The Convergence
Saturday, May 21, 1997

Elections Canada censors political discourse on the Net

Government pressure forces web page offline

by David Jones,

- Censored -

Imagine you're watching a television documentary:

You see a timid young man handing out political pamphlets on the street. He's approached by an intimidating police officer who snatches one of the crudely photocopied documents. "Identity papers!" barks the cop impatiently. After quickly scrutinizing the documents, he leads the young man off in handcuffs. The narrator says he's held in jail for 6 months -- until after the election.

Where is this horrible violation of human rights taking place? Where is there so little regard for the kind of free speech so essential to a functioning democracy? ... communist China? ... war-torn Bosnia? ... the former Zaire?

In Canada, it is illegal to distribute anonymous political advertisements, either as leaflets handed out on a street corner, or as web pages on the Internet. Upon conviction, the penalty can be a fine of up to $1,000 or imprisonment for up to a year.

Krishna Bera, a 33-year-old computer consultant based in Ottawa, found this out when he received a letter from Raymond Landry, the Commissioner of Canada Elections -- the top legal bureaucrat responsible for enforcing Canada's election laws.

The letter, dated May 5th, singles out Krisha Bera's "Vote Green!" web page, highlights section 259.2(1) which makes anonymous political advertisements illegal, and ends by instructing him to "comply with the Canada Elections Act by identifying the name of the sponsor" of the web page.

"Since I refused to identify the sponsor, I had to take the web page offline", said Bera. "I thought about moving my web page outside Canada, but it seems to me that the issue of free speech has to be settled at home."

- Anonymity -

Canadians as a whole are a complacent bunch. We can afford to be, since we generally have life pretty soft in comparison with people in many other parts of the world. But this means most of us are ill-prepared to stand up and argue in favour of our right to express political viewpoints with anonymity.

There are lots of instances where anonymity clearly has great value: Alcoholics Anonymous, rape crisis centers, suicide prevention hotlines, Crime-Stoppers, and whistle-blowers that alert us to government corruption.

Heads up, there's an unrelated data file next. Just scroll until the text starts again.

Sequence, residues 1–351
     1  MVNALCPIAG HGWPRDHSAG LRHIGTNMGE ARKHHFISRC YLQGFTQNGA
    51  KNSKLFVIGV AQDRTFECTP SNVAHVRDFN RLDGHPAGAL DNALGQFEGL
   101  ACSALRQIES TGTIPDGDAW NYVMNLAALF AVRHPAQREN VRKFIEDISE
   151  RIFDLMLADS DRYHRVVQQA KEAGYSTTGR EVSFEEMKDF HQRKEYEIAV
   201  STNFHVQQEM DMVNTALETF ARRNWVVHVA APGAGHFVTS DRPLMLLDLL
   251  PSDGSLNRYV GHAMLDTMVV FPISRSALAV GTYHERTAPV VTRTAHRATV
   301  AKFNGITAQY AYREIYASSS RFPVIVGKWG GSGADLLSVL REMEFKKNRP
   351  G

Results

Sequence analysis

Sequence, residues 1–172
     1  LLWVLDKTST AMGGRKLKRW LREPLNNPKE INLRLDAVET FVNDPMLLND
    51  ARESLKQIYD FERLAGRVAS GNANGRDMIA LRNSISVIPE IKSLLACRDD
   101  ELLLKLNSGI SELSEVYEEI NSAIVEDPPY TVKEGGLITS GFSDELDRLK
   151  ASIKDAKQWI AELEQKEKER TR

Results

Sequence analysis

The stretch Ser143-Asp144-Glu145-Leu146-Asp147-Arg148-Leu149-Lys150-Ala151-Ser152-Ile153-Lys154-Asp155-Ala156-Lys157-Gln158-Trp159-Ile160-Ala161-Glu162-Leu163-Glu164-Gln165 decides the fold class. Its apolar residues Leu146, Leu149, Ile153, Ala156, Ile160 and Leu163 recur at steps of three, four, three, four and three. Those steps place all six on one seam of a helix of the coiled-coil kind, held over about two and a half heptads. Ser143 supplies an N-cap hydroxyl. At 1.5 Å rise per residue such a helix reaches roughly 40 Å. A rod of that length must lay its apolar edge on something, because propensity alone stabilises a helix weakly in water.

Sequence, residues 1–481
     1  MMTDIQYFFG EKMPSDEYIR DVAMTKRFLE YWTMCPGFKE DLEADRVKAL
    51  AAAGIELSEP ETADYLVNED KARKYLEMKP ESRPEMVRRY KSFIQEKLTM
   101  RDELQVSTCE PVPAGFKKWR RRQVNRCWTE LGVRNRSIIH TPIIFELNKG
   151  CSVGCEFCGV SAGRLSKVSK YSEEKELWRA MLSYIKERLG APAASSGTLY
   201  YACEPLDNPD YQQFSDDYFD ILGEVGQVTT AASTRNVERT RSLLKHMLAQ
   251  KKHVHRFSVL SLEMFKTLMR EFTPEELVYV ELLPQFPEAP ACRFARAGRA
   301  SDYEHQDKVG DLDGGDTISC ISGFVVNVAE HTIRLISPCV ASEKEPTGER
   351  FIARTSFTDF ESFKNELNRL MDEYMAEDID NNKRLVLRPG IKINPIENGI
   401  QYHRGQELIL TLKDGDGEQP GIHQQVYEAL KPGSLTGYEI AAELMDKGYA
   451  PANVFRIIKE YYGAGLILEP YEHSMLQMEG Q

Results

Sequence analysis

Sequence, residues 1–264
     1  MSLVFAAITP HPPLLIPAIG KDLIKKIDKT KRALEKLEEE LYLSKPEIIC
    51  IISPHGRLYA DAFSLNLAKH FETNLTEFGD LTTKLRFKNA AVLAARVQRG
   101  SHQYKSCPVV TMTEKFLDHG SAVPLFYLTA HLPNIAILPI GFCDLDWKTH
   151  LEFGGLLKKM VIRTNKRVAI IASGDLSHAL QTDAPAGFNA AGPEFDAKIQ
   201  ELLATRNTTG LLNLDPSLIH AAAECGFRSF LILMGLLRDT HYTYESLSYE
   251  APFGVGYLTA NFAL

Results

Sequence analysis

And remember, when we cast our vote, we do so by secret ballot.

Anonymous political speech is important so that opinions can be expressed without fear of reprisals -- from neighbours, employers, customers, or the government.

As Canadians decide who should form the government that will lead us into the 21st century, we shouldn't have to fear losing our jobs as a consequence of backing a party that doesn't get into power. Being forced to remain silent isn't the solution.

- Control -

Those in favour of the government's ban on anonymous political advertising on the web talk about the need to enforce campaign spending limits, but making it easy to catch politicians breaking the law isn't sufficient justification for robbing all Canadians of their right to free speech.

Others point to the risk of deep-pocketed corporations "buying the election" or pranksters causing mischief, but in a functioning democracy we need to place some reliance on the common sense of citizens.

Rather than let the government decide who can say what, and in what manner, aren't we're much better off letting people decide for themselves which messages they should choose to pay attention to? After all, even if there are thousands of "Vote Green!" web pages, aren't we still free to ignore them?

While some restrictions might make sense for a passive, one-way medium like TV, it isn't clear they should also be applied to an interactive medium like the Internet, where people only view the content they choose.

Lawyers for Electronic Frontier Canada, this country's leading organization devoted to preserving freedom of expression and the right to privacy in cyberspace, are preparing to make an application in court to see section 259.2(1) struck down as an unreasonable infringement of freedom of expression, freedom of association, the right to an informed vote, and the right to privacy. Fighting the government in court will be very expensive. If you would like to help, please contact EFC.

- Paint the Web Green -

The global Internet community has had an interesting and more immediate response to Canada's crackdown on anonymous political web pages. Mirror sites have started to pop up all over the place. The first was created by Canadian Internet Handbook guru Jim Carroll.

"People don't understand their freedom of speech until they've lost it", says Carroll. "I find it rather chilling, and indeed, disturbing, that there should be an attempt to stifle free speech on the Internet."

At latest count there were 25 mirror sites in 6 different countries (Canada, Australia, England, Germany, Belgium, and of course, the United States)

Now it's time for Elections Canada to either "Put up or shut up". Either they start charging defiant Canadians like Jim Carroll or Bret Dawson who are mirroring the illegal and anonymous "Vote Green!" web page, or they admit that the Internet cannot be regulated.

"As a matter of policy, Elections Canada will neither confirm nor deny whether any investigations are ongoing", says John Enright, public relations officer for Elections Canada.

But an inspection of access logs on various web servers reveals that staff on Elections Canada computers were busy Wednesday and Thursday, surfing the Net and investigating "Vote Green!" web pages.

Will charges be laid? Time will tell.

David Jones is a computer science professor at McMaster University, and president of Electronic Frontier Canada.

Copyright © 1997 by David Jones. All Rights Reserved. Reprinted with permission.